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Toddler Playroom Ideas

Toddler Playroom Ideas

Over the past few months it’s become clear that we need a playroom. For a while I thought we’d be fine with our setup in the living room. Then, as toys started to take over, we moved more of the play stuff to Liam’s bedroom which seemed like a good solution but unfortunately, it turns out that didn’t really work for us either. His bedroom is on the second floor which is a great play area when I’m trying to fold laundry or tidy up the bedrooms but it’s just not ideal for most parts of day-to-day life (particularly at the age he’s at where more than a few seconds out of sight is panic inducing). We needed a true playroom that was dedicated to all things toddler but still close enough to the heart of the house that it wasn’t too far from the action. With that, we’ve made the decision to turn our infrequently used first floor guest room into a true playroom. The space was just too valuable for how often someone actually slept in there and even in it’s current state, it had already sort of unofficially become Liam’s playroom.

Toddler Playroom Ideas

Image courtesy of I Heart Organizing

Designing a Toddler Playroom

My must-haves for the room include:

1. Storage: I would love for everything in the playroom to have a designated home. I swoon over pictures of organized playrooms like this or this. I’m not sure we’ll ever be quite that organized but I like the philosophy of everything having a home and making Liam a part of returning things to their home at the end of the day.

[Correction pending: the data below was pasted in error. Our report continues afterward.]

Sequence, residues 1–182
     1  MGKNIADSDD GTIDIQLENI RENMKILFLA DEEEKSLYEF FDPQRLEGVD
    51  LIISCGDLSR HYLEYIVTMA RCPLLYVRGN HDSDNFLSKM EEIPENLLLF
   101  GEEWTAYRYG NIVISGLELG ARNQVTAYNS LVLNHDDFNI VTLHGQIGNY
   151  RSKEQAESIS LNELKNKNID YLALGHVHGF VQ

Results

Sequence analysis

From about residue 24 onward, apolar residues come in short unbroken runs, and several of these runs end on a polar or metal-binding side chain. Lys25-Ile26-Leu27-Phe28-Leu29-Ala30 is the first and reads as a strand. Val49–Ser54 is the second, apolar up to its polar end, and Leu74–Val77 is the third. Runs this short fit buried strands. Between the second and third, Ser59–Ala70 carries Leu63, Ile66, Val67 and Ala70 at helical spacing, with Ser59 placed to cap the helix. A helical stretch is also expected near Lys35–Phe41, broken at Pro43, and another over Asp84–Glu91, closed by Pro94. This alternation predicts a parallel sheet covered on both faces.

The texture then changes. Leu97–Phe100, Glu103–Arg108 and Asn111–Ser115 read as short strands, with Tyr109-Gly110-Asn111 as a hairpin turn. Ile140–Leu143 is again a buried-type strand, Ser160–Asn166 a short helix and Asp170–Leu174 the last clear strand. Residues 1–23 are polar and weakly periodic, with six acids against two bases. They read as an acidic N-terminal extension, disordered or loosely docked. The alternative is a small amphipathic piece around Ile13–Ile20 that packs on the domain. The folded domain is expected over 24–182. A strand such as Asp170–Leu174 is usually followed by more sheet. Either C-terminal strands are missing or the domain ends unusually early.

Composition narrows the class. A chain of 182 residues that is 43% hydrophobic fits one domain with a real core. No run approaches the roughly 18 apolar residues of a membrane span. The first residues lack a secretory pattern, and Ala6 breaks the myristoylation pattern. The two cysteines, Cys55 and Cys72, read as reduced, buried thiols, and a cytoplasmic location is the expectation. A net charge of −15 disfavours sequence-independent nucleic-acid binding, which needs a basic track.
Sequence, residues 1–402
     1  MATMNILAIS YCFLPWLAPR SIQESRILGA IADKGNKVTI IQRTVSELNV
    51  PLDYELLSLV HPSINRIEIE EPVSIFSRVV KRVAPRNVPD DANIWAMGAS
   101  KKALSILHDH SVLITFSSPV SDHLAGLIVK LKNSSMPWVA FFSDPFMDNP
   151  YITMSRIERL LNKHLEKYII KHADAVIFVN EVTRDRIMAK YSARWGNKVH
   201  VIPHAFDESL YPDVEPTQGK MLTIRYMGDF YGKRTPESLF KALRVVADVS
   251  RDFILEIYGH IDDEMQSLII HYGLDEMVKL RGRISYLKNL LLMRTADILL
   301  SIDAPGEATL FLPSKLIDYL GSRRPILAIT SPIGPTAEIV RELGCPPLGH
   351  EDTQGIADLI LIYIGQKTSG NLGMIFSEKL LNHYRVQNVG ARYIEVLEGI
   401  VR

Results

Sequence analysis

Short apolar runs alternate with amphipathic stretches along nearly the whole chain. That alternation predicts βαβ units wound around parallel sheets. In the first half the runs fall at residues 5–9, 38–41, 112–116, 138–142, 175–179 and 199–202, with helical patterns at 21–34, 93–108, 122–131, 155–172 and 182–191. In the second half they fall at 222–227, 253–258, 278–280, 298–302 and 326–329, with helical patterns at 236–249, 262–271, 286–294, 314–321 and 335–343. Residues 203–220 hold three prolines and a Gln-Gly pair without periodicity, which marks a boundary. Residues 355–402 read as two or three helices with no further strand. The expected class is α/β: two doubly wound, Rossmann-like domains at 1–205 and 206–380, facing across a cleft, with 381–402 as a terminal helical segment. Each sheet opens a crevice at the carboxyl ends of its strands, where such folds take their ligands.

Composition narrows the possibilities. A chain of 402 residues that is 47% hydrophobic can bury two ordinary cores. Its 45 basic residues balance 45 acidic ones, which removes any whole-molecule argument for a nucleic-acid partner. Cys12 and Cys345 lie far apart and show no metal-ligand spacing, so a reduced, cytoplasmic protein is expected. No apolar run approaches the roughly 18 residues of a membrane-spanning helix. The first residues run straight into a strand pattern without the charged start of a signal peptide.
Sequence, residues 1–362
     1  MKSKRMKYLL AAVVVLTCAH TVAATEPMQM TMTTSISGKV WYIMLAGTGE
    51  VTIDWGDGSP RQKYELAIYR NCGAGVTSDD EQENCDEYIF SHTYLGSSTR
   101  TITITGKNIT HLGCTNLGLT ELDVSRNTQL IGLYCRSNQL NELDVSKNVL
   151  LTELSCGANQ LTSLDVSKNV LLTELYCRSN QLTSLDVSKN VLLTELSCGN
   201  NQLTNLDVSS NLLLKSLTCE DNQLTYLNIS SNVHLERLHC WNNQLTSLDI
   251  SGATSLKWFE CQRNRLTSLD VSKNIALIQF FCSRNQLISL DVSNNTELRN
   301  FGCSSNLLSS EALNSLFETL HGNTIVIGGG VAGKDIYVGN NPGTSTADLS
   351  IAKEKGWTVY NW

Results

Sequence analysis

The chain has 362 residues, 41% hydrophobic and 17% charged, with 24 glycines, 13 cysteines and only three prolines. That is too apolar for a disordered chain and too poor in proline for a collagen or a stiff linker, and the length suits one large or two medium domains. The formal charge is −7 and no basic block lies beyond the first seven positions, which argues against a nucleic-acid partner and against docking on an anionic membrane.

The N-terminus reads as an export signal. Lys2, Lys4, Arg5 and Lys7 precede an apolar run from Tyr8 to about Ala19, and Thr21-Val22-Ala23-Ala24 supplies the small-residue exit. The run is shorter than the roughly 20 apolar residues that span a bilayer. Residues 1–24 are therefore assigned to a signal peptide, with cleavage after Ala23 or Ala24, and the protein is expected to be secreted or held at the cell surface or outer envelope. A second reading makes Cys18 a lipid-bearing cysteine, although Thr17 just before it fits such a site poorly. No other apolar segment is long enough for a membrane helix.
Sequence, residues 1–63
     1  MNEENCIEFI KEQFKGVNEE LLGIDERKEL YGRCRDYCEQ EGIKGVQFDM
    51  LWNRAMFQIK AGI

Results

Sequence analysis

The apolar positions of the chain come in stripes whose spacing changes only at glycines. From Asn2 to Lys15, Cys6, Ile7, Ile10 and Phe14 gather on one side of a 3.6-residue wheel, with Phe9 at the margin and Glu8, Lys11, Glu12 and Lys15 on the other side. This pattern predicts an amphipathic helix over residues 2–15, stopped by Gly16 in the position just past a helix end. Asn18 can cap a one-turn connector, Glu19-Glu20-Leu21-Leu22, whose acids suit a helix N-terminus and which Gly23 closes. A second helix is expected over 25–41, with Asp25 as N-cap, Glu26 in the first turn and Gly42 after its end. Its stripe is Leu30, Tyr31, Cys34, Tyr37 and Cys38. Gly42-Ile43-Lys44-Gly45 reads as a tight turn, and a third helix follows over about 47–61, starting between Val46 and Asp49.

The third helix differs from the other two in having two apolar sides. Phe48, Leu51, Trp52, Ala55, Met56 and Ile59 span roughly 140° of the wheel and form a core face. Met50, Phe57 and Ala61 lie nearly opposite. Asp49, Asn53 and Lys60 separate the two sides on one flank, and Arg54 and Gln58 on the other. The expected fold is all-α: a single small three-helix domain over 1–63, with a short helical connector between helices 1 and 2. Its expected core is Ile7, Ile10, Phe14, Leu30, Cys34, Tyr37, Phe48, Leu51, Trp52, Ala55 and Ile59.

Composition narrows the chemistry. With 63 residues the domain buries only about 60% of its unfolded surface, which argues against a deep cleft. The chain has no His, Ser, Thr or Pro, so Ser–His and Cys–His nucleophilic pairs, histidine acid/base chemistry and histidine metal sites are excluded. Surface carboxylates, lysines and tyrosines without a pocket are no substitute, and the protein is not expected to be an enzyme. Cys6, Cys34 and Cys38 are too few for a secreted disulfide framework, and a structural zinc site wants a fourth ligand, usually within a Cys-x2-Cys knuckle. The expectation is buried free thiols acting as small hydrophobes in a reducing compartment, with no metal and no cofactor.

2. Kitchen area: Santa brought Liam this kitchen set for Christmas which will absolutely get a designated space in the room. I’d love to create an area around it like this chalkboard wall.

3. Art Gallery: The playroom seems like the perfect place to display the beautiful works of art Liam comes home from Bright Horizons with and the ones we create at home. I love the use of these curtain wires to create an easy way to display art and want to add something like that to walls of the playroom.

4. Reading Areas: We read a lot and I want to make sure there are several different places for reading in the playroom. I love the idea of some big floor pillows for easy lounging.

5. Table & Chairs: One of my favorite things about Bright Horizons is that starting in infants, children learn to sit in a chair at a table. I’m always amazed to see Liam and his toddler friends sitting and eating together so nicely at their tiny little table. We got a little table (a hand-me-down) which I’m hoping to jazz up with some paint and perhaps make one of these genius oil cloth covers for our messier projects.

7. Working with what we’ve got. I would love to recreate a page from the PB Kids catalog but the reality is the budget for this project is limited. It’s going to involve lots of creativity in terms how to use things we have to get what we need from the room. For example, we have futon from college days that I’ve contemplated using as seating in the playroom. It’s comfortable and would provide a great spot to cuddle up and read. But, it’s capital-U ugly. I really didn’t know if I could stand the sight of that thing on a daily basis. Then I saw how this mom revamped her futon for her daughter’s playroom. Maybe I’m only some paint and fun fabric away from a cute seating area.

Most of all, I want the room to be appropriate for him now but also flexible enough to grow with him so I don’t want to change the whole thing in another year. Any suggestions for what makes a great toddler playroom?



  1. Rachel March 8, 2013 at 8:22 pm

    I want to see the futon revamp! But the link didn’t work for me.

  2. Bridget March 8, 2013 at 9:54 pm